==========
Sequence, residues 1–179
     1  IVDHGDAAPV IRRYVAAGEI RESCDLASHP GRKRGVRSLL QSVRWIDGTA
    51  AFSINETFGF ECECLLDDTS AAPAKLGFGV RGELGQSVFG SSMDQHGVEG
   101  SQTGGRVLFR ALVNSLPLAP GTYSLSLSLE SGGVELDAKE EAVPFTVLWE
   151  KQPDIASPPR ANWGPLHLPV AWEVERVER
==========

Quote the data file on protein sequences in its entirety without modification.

Sequence, residues 1–179
     1  IVDHGDAAPV IRRYVAAGEI RESCDLASHP GRKRGVRSLL QSVRWIDGTA
    51  AFSINETFGF ECECLLDDTS AAPAKLGFGV RGELGQSVFG SSMDQHGVEG
   101  SQTGGRVLFR ALVNSLPLAP GTYSLSLSLE SGGVELDAKE EAVPFTVLWE
   151  KQPDIASPPR ANWGPLHLPV AWEVERVER